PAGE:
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No Strings Attached: dating app drama

After the success of Tales From Tinder, filmmaker Emma Watts and her team were able to put some money behind their next series, No Strings Attached.

No Strings Attached

For most Australians, Monday morning brings with it the kind of feet-dragging that can only signal the beginning of the working week. However, for television producer Emma Watts there was a sense of anticipation.

Because every Monday, she would speak with her colleagues about the events of their weekend. And every Monday, she would be regaled with the most “tell me it’s not true?!” stories from their experiences with dating apps like Tinder.

Watts knew there was a documentary web series in this. But the problem was, no one wanted to put their face, or name, on camera to tell their often embarrassing stories about sex and dating.

Then Watts realised a friend knew a puppeteer – Mischa Long – and reached out for help. He was keen to come on board and created the colourful creatures who would act out these stories in Tales From Tinder. And now, for No Strings Attached.

“It put people at ease when they realised they wouldn’t have to share their name or their face and a puppet would be recreating the story,” Watts says.

“People were really willing to let their guard down.”

Tales From Tinder was made in their spare time, “for the love of it”, as something for friends and family to watch.

“We did it on an absolute shoestring budget, shooting it on the weekends and late at night,” Watts says.

“When we put it out to the world, we were totally surprised (at the response). We were invited to all these web series festivals around the world (winning awards in Berlin, New York and Rome) and we started getting this small but really interested audience.”

And it caught the attention of ABC too, who commissioned a second series called No Strings Attached, for iview – and have since announced it will launch on ABC2 and iview on November 27.

“The great thing about No Strings Attached is we opened it up so now we’ve got stories from Grindr, Scissr, online gamers, and also from Snapchat and Facebook,” she says.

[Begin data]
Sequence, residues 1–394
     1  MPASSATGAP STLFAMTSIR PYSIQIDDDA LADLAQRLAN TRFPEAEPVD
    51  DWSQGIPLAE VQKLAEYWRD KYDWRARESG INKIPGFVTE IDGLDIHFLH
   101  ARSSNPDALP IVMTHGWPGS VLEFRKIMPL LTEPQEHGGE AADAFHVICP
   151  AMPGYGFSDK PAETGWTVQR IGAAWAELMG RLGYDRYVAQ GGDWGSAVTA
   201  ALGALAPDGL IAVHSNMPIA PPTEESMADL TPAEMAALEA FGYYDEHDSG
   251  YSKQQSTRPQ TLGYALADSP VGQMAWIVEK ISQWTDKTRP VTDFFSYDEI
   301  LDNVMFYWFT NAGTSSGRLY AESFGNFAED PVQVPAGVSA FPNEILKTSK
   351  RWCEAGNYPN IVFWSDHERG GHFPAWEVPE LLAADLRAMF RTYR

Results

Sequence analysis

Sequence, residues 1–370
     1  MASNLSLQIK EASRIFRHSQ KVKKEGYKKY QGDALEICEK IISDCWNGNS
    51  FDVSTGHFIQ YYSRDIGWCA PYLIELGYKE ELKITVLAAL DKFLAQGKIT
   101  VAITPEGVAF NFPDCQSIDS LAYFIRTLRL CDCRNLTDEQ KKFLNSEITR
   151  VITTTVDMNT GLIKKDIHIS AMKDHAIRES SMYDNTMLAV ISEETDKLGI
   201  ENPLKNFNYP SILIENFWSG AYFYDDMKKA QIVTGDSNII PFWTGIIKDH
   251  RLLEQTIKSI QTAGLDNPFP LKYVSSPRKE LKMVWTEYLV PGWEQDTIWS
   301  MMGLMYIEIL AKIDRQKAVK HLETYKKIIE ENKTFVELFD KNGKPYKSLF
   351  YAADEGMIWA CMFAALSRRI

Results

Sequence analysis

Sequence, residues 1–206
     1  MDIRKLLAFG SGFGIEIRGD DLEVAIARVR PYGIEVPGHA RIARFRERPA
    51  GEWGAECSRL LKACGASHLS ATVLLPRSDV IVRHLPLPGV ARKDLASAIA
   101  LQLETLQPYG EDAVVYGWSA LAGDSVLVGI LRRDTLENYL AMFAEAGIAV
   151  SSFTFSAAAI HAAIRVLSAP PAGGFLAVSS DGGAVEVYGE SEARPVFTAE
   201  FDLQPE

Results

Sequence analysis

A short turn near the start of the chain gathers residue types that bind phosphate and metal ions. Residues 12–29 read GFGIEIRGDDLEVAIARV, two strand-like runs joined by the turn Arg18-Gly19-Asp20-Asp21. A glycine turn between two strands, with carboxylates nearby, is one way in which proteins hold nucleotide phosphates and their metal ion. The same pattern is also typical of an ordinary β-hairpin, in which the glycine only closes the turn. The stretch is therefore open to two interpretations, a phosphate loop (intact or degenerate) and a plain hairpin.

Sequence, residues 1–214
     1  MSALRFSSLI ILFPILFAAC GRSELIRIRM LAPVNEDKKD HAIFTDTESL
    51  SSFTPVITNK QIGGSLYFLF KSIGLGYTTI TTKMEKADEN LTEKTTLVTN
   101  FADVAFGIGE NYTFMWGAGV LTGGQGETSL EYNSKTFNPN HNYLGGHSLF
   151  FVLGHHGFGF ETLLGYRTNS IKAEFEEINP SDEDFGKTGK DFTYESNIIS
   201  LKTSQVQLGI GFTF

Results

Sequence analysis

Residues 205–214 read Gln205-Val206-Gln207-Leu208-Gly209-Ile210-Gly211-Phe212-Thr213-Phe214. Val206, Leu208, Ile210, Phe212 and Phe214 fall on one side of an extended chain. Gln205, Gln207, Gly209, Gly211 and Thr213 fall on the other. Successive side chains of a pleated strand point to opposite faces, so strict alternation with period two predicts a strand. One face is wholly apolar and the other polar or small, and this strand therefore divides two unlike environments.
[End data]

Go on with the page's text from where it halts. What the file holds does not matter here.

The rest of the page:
No Strings Attached has stepped it up in other ways too.

Because of the support of Screen Australia and Film Victoria along with ABC (and NBCU who bought the distribution rights), Watts and the team had the budget to invest more into the puppets and props.

Puppet-maker Vanessa Ellis was brought on board to figure out how she and Long could best create 10 puppets within their budget.

“We wanted their hues to be a little bit off in colour or a little bit pastel so they couldn’t be linked with puppets from Sesame Street or The Muppets,” she says.

No Strings Attached

In the end, the puppets they created could be transformed into two to three characters by swapping out accessories, such as glasses, different hair styles or tattoos, as well as giving them different lips, eyelids, and eyelashes.

So do they look like the person behind the story?

“I didn’t know a lot about the characters, which was a great thing because I didn’t get influenced,” Ellis says. “You probably wouldn’t recognise any of these puppets to the actual people they are.”

No Strings Attached was shot in about 12 days over a period of three weeks, with Watts and the team favouring real locations, filming at real bars young people frequent, cafes or share houses.

Having a bit of money behind the web series meant they could come up with creative ways to tackle one of the biggest challenges of working with puppets – hiding the puppeteers.

“We’ve been so lucky that we do have a small props budget and we can make great things now like couches with holes in the bottom and beds with holes in the mattresses,” Watts says.

“So it’s really fun to be able to take the series up a level and to be able to have that small amount of money to be able to do it properly.”

And they hope to take it even further. Watts says she and producer Lisa Kovacevic of Green Bean Pictures have many more variations on the No Strings Attached and Tales From Tinder theme to mine.

“And we’ve sold the distribution to NBCU, so we’re looking at creating a format with them moving forward,” she says. “So hopefully people overseas will get to see the series as well.”

No Strings Attached will launch with episode 1 on ABC2 on 27 November, with the 10 episodes airing daily. The entire series will be available on ABC iview after the first episode airs.